Provide the Proper Capital and Other Resources – No business can continue to function without the proper financial resources. Those resources can come from external funding sources or from the internal operations of the company. The CEO must constantly anticipate the needs of the organization and not allow a shortage of resources to cause the company to miss opportunities. Additionally, the CEO is the one person in the company in the position to bring in external expertise. Has the CEO attracted the right board members and surrounded himself with external advisors and service providers that can provide real value to the company?
Build the Culture – I define culture simply as how things get done in an organization. High-performance cultures don’t just appear, as they require a CEO who understands what motivates people throughout the organization. Too many CEOs allow the culture to develop organically and then are surprised when people develop attitudes that aren’t aligned with the company’s vision, mission and goals. Is the CEO setting the standards for the company or is each employee left to his or her own standards? Are the company’s stated values applied consistently across the company? Is the culture driving a high level of performance consistently across the organization, or is performance highly variable based upon the particular group?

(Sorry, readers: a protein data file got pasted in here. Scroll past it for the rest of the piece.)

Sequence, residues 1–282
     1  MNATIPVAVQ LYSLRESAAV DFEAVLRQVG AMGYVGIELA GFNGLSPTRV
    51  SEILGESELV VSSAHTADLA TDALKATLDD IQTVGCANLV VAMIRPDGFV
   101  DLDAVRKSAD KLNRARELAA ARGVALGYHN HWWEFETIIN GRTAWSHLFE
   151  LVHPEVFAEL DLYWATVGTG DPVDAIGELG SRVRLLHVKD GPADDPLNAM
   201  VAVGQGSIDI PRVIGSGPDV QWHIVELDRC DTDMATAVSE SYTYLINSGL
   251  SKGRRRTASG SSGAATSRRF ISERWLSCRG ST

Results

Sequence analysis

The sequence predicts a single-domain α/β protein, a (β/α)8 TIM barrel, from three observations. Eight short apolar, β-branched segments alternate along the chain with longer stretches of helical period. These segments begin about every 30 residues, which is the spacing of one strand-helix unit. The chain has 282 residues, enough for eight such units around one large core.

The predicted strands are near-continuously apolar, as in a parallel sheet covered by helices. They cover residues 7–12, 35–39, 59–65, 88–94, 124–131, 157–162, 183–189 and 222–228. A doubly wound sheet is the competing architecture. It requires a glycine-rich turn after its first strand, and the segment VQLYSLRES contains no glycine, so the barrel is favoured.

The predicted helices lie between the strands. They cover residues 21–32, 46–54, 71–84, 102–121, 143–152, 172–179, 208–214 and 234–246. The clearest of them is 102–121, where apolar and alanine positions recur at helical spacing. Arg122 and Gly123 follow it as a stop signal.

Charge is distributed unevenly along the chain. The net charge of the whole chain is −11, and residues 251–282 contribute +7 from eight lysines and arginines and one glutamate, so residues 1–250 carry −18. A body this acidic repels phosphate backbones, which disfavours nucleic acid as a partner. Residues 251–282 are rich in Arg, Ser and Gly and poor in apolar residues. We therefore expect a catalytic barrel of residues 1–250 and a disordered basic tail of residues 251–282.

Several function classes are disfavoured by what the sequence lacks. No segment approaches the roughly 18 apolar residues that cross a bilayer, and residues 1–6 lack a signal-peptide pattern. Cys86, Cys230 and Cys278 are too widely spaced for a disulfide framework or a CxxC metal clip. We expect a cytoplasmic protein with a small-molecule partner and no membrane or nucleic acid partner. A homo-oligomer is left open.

Make Decisions Well – Decisions are the fuel on which every organization runs. The quality and speed with which decisions are made determine the productivity of the organization. The CEO is responsible not only for the decisions he makes but also for any decisions his management team makes. Building an organization that consistently makes thoughtful choices in a timely manner is one of the toughest but most valuable things a CEO can accomplish. Does the organization run like a well-oiled machine or are there constant stops and starts as decisions are either: 1) not made or 2) have to be sent to the top for review?
Deliver Performance – At the end of the day, as we all know, CEOs are responsible for delivering performance. The challenge with evaluating performance directly is that it often takes years to see how things play out. Instead of just waiting to see what happens, the CEO must work with his management team to understand the key metrics in each area that will lead to superior performance. I worked with new executives and directors to agree on the three to five metrics that would drive performance in their area. Is there a clear system of goals and metrics that tie to the vision, mission, values, and strategy of the company? Does the CEO know what makes the business work, and can he identify problem areas before they significantly impact performance?
By evaluating the CEO in these six areas, boards can provide great feedback and start a valuable conversation with any CEO.
Joel Trammell is the CEO of Khorus, a business management software system for CEOs, co-founder and managing partner of private equity firm Lone Rock Technology Group, and Chairman of the Austin Technology Council. As CEO, he built two companies from founding to nine-figure acquisitions by Fortune 500 companies. He is a Forbes Contributor.